Chloë and Smiley

I enjoyed my first trip to Port Townsend two years ago so much, I decided to take Mike and Heather there again for my third birthday. This time was almost as good, the only disappointment being that on this visit our hotel didn’t have a lobby; I missed being able to strut through several times a day and receive compliments and treats every time. This hotel was a little noisier, too, and I had to deliver a lot of quick warning barks over the weekend to let everyone know that I heard something. Nobody is sneaking in on my watch. Not with me and my pal Smiley on duty.

On the Upper Big Quilcene Trail

On the Upper Big Quilcene Trail

During the day we went hiking at a couple of places that used to be forts in World War II, just like Discovery Park was. But these parks were much woodsier than our park, with more real animals running about that needed chasing. I did my part to make sure no humans were threatened by any of them.

On one of the days away we drove deep into the national forest and hiked in some very tall woods. To me, any sword fern might as well be a Sequoia, but even I can tell that the trees where we hiked are a lot bigger than the ones I normally see. I like to stick closer to Mike and Heather when we go on trails like this one.  Some of those drops over the side look pretty steep.

Subaru on the Upper Big Quilcene Trail

Big trees

No ball playing is allowed on those trails, according to Mike and Heather. Luckily, we also found plenty of wide, flat trails on those former military bases, so we had some good games of fetch, and then we found out that the abandoned structures called gun batteries made great amphitheaters for a spirited game. Check out my video;  as usual, Mike screwed up the sound, but his camera technique actually seems to be improving. Hard to believe, I know.

I had few complaints. I had to sleep inside my travel crate all weekend, of course, and I wasn’t supposed to get on the furniture in the hotel at all. But on the second afternoon after I ate my dinner, Heather put a couple of towels on the bed and let me snuggle with her while she took a nap.  I loved the hiking and the ferry ride, but for me, that nap was the highlight of the weekend. All three of us had a great time, but there’s no doubt my time was the best.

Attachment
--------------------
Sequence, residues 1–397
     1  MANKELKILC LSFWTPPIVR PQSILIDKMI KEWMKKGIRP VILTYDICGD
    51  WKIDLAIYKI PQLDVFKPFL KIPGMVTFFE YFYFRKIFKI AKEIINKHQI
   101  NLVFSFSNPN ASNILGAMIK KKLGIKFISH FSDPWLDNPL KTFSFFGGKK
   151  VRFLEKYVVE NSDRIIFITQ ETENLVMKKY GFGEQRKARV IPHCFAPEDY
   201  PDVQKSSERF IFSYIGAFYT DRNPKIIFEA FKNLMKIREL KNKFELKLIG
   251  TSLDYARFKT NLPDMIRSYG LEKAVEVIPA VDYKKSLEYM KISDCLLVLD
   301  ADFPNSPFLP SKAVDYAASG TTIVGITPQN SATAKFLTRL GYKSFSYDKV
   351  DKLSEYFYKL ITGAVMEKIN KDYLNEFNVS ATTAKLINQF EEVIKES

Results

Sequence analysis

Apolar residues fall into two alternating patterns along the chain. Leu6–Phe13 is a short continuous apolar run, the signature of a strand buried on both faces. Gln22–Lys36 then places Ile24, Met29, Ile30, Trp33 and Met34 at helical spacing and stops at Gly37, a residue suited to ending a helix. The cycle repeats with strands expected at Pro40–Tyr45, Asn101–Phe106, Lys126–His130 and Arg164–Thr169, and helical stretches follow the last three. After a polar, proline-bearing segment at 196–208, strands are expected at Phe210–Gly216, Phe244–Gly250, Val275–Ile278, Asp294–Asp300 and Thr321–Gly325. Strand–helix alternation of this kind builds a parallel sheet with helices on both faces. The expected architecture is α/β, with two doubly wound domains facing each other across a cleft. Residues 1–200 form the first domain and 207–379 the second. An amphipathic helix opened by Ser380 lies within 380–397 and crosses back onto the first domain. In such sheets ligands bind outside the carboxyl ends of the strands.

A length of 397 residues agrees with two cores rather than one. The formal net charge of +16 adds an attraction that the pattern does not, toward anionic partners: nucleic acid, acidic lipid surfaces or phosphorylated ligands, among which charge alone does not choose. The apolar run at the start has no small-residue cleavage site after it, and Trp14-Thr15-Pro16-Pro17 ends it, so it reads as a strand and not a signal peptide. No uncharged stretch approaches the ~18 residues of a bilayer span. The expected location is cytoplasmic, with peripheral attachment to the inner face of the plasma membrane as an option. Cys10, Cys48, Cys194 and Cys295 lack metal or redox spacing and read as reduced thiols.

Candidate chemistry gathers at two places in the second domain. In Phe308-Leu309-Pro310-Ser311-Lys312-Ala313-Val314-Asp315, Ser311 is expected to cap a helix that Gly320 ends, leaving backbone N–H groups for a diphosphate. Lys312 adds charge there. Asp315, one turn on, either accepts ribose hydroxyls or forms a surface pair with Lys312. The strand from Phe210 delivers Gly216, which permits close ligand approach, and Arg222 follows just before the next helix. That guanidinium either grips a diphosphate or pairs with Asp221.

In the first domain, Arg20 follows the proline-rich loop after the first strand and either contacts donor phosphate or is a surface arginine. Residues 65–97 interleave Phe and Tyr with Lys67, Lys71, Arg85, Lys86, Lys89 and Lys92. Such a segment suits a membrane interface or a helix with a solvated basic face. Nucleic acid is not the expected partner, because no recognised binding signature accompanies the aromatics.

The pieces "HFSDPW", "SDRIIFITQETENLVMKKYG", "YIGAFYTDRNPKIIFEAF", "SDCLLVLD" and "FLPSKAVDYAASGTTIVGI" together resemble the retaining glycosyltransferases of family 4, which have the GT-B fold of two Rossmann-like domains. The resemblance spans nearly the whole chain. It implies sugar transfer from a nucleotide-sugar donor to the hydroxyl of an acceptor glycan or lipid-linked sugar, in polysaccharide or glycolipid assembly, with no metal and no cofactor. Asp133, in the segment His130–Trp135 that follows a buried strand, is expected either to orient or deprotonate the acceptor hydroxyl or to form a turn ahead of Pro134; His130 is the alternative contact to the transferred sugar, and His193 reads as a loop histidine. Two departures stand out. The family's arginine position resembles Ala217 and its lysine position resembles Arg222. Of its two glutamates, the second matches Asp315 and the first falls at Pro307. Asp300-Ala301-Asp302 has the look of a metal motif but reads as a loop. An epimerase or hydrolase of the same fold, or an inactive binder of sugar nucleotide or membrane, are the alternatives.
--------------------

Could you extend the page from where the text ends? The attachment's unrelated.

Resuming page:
Chloë relaxes in her room.

Chloë relaxes in her room.

Chloë Plays Fetch on a Rainy Day in the Woods

Mike’s idea of fetch is to send me repeatedly on short distances to see how many times in a row I’ll bring in back. We’ve done as many as 25, 30. And other days none, depending on my mood and degree of pent-up energy.

Heather sends me on more challenging routes,  more likely to be longer and to go off course, so I have to dive into piles of leaves or vines. Heather has a powerful arm, but she’s erratic and lacks Mike’s finesse as a slow-pitch softball pitcher and Skee-Ball devotee.

Below is an example of the paces Heather puts me through. This video was shot in October on a rainy afternoon in Point Defiance Park in Tacoma. That background noise that sounds like tin foil crackling is the rain bouncing off trees. I apologize for the shaky video and botched soundtrack.  I just don’t know; I ask for Spielberg, and they send me Mike. Go figure.

 

 

Chloë Becomes a Media Celebrity for Real

First I thought that this would be a really big deal for my career development, having my videos on the website for the Visi-Ball. They are the first videos on the site, and thus are certain to set the standard for all others that follow.  In no time at all, I’m sure, my videos will go viral, and I’ll become an Internet sensation.

Chloë relaxes at home.

Then I remembered: I’m already an Internet sensation. And a published author to boot.

Meanwhile, the new Visi-Balls arrived and I started using them. These are the ones the company so graciously promised after the one I had mysteriously popped open. There were two new balls, so Mike finally trashed the broken one. A good thing, too: Although we haven’t been using the broken ball for fetch, I couldn’t help noticing it was sitting on top of the TV cabinet, and I haven’t lost my jones for gnawing on it (particularly that small inner ball).  Now it’s out of sight, out of mind. I’ve moved on.

The Visi-Ball

I’ve decided to retire the two other Visi-Balls that I’ve been using and chase my  new ones exclusively until they are either lost or destroyed, so I can report back to the company about their quality and durability. I have a feeling that if I give these new balls my personal seal of approval, it can only be a matter of time before the debut of the Chloë Autograph Model, to be followed by my first national tour. Hey, when you sleep as much as I do, it’s good to dream big.

Chloë in blue bed with bone